The investment race: U.S., China, and Japan in Southeast Asia

The investment race: U.S., China, and Japan in Southeast Asia

Foreign investment is surging in Southeast Asia, driven by the appeal of political stability and expansive markets. This region's significance as a buffer amid escalating U.S.-China competition is drawing substantial global investment, with a record of $222.5 billion pouring in during 2022.

Vietnam emerged prominently, touted by the U.S. as a potential partner in fortifying the semiconductor supply chain. This endorsement coincided with U.S. companies like Marvell Technology and Synopsys expressing keen interest in Vietnam. Amkor Technology's inauguration of a $1.6 billion semiconductor plant in Bac Ninh solidified this, set to become their largest global manufacturing hub and generate 10,000 jobs.

Meanwhile, Malaysia secured a $10 billion investment from China's Zhejiang Geely Holding Group for an automobile production base in Perak and is contemplating an electric vehicle plant in Thailand. U.S. and Chinese companies are increasingly acquiring businesses within Southeast Asia, evident in deals like Kimberly-Clark's acquisition of Softex Indonesia for $1.2 billion and Alibaba Group Holding's multi-billion-dollar investment in Lazada.

Over the past five years, foreign direct investment in Southeast Asia has surged by 40%, outpacing other global regions amidst heightened U.S.-China trade tensions. The U.S. leads this investment wave with $74.3 billion, closely followed by China at $68.5 billion, focusing on semiconductor ventures and diverse projects like EV plants and mining development across the region.

The primary impetus behind these investments is the repositioning of manufacturing bases. U.S. companies are embracing "friendshoring," shifting supply chain roles away from China to allied nations, while Chinese firms are relocating facilities to facilitate exports to the West.

Southeast Asia is perceived as an opportune region due to its proximity to China's manufacturing prowess, political stability, and substantial domestic markets, housing over 600 million people. This positioning amidst the escalating U.S.-China tensions allows it to serve as a neutral ground, as described by Ikumo Isono, a senior economist at the Economic Research Institute for ASEAN and East Asia.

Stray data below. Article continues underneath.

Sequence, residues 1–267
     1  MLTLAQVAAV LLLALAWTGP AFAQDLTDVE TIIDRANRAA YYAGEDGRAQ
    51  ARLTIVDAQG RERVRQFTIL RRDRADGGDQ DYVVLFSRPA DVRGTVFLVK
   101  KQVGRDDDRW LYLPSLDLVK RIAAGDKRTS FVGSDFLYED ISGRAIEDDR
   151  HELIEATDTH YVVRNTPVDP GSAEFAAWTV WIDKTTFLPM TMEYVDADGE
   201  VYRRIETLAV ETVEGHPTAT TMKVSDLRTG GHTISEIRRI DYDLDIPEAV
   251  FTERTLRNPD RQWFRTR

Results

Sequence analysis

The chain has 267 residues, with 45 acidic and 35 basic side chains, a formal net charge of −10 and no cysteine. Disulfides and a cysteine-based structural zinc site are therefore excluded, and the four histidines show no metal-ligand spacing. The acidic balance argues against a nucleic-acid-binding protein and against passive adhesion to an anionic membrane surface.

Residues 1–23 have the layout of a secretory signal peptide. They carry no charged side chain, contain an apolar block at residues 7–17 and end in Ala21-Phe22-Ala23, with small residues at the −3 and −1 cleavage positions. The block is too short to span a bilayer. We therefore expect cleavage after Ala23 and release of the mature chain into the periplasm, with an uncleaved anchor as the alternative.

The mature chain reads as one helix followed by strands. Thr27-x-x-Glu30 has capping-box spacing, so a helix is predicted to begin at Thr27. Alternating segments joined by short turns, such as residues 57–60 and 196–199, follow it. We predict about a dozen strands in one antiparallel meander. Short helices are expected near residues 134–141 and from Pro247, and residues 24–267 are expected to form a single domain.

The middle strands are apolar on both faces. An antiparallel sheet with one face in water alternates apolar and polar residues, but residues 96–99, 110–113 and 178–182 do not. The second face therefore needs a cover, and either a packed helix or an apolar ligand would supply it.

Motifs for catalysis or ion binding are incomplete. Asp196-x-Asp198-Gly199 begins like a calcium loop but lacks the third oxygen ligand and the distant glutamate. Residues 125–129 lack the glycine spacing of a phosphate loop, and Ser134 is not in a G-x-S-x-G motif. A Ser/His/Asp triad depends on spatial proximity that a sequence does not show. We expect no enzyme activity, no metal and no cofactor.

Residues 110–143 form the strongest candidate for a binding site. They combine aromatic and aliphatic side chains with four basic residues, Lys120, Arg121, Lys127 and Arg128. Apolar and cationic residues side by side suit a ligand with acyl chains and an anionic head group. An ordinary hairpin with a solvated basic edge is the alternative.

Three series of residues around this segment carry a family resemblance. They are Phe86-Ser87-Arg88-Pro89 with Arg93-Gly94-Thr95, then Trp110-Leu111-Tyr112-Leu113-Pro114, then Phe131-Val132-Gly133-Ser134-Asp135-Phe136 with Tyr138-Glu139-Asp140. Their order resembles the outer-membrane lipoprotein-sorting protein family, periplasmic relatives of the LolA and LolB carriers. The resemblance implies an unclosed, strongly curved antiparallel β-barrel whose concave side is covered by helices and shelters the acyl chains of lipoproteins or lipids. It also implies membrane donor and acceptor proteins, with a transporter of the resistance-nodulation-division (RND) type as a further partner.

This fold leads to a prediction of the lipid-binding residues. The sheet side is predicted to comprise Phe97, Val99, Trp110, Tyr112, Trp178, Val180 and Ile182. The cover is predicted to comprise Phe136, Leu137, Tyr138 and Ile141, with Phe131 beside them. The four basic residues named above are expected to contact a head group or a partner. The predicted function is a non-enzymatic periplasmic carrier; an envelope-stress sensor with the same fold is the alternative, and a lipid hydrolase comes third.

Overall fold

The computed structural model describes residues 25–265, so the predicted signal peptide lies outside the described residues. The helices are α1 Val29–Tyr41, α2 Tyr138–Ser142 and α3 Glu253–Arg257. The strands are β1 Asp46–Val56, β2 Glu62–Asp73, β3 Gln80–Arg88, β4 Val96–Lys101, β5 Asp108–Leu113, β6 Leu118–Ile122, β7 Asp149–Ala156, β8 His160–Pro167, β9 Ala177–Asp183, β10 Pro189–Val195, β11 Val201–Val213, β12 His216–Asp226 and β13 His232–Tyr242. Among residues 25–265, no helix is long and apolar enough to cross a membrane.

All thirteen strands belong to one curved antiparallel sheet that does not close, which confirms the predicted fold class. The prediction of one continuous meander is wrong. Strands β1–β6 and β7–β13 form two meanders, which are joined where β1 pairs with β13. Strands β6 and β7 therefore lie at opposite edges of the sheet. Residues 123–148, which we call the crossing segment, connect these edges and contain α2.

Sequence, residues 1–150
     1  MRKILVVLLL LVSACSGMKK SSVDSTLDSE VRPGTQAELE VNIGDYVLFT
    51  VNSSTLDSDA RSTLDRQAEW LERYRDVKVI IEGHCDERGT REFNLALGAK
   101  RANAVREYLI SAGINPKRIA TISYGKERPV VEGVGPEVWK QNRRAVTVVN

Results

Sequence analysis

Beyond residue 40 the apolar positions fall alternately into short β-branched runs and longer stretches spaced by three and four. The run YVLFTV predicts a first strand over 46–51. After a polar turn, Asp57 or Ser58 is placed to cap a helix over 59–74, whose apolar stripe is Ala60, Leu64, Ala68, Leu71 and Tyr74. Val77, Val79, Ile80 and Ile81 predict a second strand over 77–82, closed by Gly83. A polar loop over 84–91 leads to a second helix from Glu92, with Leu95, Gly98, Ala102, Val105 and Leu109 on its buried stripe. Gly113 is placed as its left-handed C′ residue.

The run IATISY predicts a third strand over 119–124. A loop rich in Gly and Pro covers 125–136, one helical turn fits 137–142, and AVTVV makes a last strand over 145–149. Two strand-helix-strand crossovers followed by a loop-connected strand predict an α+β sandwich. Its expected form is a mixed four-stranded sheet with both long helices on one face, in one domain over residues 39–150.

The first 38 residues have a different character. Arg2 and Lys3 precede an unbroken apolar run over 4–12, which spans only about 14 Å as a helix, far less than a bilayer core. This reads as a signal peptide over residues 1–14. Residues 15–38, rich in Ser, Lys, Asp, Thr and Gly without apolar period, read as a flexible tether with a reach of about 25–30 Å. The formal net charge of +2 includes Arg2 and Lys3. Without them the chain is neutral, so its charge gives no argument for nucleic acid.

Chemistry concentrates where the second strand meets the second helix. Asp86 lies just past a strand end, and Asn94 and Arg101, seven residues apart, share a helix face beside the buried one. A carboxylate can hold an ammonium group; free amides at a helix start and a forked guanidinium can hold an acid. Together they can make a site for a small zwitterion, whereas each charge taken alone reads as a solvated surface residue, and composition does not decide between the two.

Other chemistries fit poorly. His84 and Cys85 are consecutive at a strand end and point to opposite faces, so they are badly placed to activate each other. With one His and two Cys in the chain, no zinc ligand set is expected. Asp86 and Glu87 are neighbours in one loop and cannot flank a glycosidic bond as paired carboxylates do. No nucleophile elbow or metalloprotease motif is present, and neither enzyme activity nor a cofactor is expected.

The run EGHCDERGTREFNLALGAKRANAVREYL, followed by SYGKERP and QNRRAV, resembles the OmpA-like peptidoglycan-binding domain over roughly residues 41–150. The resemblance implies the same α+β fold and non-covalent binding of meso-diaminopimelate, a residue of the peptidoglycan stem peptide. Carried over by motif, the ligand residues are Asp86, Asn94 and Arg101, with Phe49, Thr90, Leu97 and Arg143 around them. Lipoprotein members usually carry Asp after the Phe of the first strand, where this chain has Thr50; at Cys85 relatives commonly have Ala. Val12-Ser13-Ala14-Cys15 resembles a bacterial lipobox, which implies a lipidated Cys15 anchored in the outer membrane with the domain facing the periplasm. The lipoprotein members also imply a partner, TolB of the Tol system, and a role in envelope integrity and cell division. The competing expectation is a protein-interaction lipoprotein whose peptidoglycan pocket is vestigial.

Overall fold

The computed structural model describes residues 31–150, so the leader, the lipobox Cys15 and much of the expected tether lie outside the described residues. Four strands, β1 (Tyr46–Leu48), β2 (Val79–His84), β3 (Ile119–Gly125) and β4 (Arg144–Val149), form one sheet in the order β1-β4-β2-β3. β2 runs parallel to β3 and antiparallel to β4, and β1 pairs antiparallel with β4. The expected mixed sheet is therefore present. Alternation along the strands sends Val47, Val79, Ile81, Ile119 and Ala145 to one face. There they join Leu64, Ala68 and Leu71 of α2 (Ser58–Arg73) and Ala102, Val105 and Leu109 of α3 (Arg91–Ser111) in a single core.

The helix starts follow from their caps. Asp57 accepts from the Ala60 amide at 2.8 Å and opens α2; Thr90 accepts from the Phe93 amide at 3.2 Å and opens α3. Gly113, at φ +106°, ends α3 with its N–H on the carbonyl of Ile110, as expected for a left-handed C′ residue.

Japanese investment, once dominant in Southeast Asia, has dwindled to $43.5 billion over the past five years due to increased demands by host countries for investments in cutting-edge sectors that Japanese companies have been hesitant to pursue. As the U.S. and China intensify their investment efforts, Japanese companies are compelled to reassess their strategy in the region, facing a pressing need for adaptation.

Rewritten from Nikkei Asian Review

Akhyari Hananto

I began my career in the banking industry in 1997, and stayed approx 6 years in it. This industry boost his knowledge about the economic condition in Indonesia, both macro and micro, and how to More understand it. My banking career continued in Yogyakarta when I joined in a program funded by the Asian Development Bank (ADB),as the coordinator for a program aimed to help improve the quality of learning and teaching process in private universities in Yogyakarta. When the earthquake stroke Yogyakarta, I chose to join an international NGO working in the area of ?disaster response and management, which allows me to help rebuild the city, as well as other disaster-stricken area in Indonesia. I went on to become the coordinator for emergency response in the Asia Pacific region. Then I was assigned for 1 year in Cambodia, as a country coordinator mostly to deliver developmental programs (water and sanitation, education, livelihood). In 2009, he continued his career as a protocol and HR officer at the U.S. Consulate General in Surabaya, and two years later I joined the Political and Economic Section until now, where i have to deal with extensive range of people and government officials, as well as private and government institution troughout eastern Indonesia. I am the founder and Editor-in-Chief in Good News From Indonesia (GNFI), a growing and influential social media movement, and was selected as one of The Most Influential Netizen 2011 by The Marketeers magazine. I also wrote a book on "Fundamentals of Disaster Management in 2007"?, "Good News From Indonesia : Beragam Prestasi Anak Bangsa di dunia"? which was luanched in August 2013, and "Indonesia Bersyukur"? which is launched in Sept 2013. In 2014, 3 books were released in which i was one of the writer; "Indonesia Pelangi Dunia"?, "Indonesia The Untold Stories"? and "Growing! Meretas Jalan Kejayaan" I give lectures to students in lectures nationwide, sharing on full range of issues, from economy, to diplomacy Less
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